Sunday, 2 August 2020

Week 18 Sunday (Year A)

Readings: Isaiah 55:1-3; Psalm 144; Romans 8:35,37-39; Matthew 14:13-21

Some years ago the Christian community of Mosul in Iraq was obliged to make a stark choice: either pay a tax in order to live in an Islamic state, go away with nothing more than the clothes they were wearing, or stay and be killed with the sword. This is not a story from ancient times or from the middle ages, it happened just a few years ago. The vast majority decided to go away with nothing more than the clothes they were wearing. The people they were dealing with had already shown that they meant business, having slaughtered their way through Syria and across northern Iraq. For the Christians of Mosul it meant walking up to forty kilometres across the desert, carrying their children, until they found a place of safety, arriving tired, thirsty, hungry and, one can imagine, deeply sad. A whole civilization and culture which had survived so many things across the centuries may now have been destroyed forever.

Suddenly the world seems to be very insecure and full of great political and physical dangers. Not just in Iraq. The normal decencies of civilized living seem to be suspended as people act and react out of fear, humiliation and hatred. Every situation is being exploited by people gripped by fear, hatred and violence. Politicians in different parts of the world are building their power by playing to people's fears, hatreds and humiliations. The normal decencies that used to guide debate and discussion seem to have fallen away as people take to Twitter, Facebook, Instagram and the other social media to attack, mock, decry, complain and protest. Some of this is very good and necessary but much of it is done in language that is itself violent, humiliating, dismissive, disrespectful. Fear, hatred, violence seem to be the things dominating world affairs at the moment. And put with all of that the massive question of migration in the world, the normal problems, so to speak, of famine, thirst and disease, and the many other tragedies cutting across people's lives and leaving them permanently wounded ...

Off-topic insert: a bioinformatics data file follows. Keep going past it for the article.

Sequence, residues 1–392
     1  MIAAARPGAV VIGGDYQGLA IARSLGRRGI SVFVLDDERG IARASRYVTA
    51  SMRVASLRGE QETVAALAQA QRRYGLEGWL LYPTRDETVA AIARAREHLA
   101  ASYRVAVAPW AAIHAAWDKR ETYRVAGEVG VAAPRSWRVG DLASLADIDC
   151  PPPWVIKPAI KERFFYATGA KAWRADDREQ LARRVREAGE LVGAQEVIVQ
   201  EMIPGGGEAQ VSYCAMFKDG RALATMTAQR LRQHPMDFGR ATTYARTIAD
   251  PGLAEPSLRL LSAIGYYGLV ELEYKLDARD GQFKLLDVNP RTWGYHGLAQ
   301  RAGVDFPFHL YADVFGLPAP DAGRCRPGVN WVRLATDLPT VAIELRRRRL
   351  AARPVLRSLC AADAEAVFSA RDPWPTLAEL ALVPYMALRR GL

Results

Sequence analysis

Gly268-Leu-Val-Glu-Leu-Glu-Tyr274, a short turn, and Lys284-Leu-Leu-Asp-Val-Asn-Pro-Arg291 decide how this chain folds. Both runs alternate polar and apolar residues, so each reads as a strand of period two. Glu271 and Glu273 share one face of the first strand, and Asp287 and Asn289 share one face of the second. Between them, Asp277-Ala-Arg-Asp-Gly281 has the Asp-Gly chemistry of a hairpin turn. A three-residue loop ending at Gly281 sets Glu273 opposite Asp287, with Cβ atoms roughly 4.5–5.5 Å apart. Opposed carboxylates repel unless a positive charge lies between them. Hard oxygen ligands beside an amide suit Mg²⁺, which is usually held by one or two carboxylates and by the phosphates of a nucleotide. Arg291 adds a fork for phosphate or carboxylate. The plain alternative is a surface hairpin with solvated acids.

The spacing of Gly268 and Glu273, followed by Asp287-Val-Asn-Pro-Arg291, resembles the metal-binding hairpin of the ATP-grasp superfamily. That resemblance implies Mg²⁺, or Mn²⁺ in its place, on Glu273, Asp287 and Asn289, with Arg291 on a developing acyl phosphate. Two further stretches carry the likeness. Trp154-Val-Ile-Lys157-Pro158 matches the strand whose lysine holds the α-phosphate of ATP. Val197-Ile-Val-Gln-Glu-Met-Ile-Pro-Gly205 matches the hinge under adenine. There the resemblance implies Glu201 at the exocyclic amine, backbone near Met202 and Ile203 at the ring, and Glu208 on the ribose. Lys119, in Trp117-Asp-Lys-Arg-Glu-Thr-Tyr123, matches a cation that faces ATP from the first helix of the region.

A great feeling of impotence and irrelevance might well overtake us as we try to reflect on scripture texts and wonder what the Christian faith can offer in such circumstances. Is God not just Santa Claus for grown ups, the wishful thinking that there is, as today's psalm says, a God of great kindness who is good to all and near to everyone who calls on Him? Against a strengthening chorus of agnosticism and atheism the Church's voice seems feeble, unrealistic, even at times hypocritical. Many good and intelligent young people have decided they do not want to stay with what the Christian faith teaches: it seems to them, at least in the way the Church lives it, unintelligent and morally bankrupt.

Jesus can sometimes be presented as a kind of Santa Claus for grown ups but we must always remember that his engagement with the world ended in failure. He was not able to answer the world's problems. He was not the solution to the world's problems. They are as bad, if not worse, than they were before He came. In the face of fear, hatred and violence, he too was powerless and he died as just one more innocent victim of those forces. Today's gospel reading reminds us of this: 'when Jesus heard of the death of John the Baptist', it begins. This is a turning point in his ministry, a defining moment as we say nowadays. He saw clearly what his destiny too was likely to be. John had died protesting at injustice. Jesus will die preaching the kingdom he had come to establish, the project of his life, it seems, unsuccessful.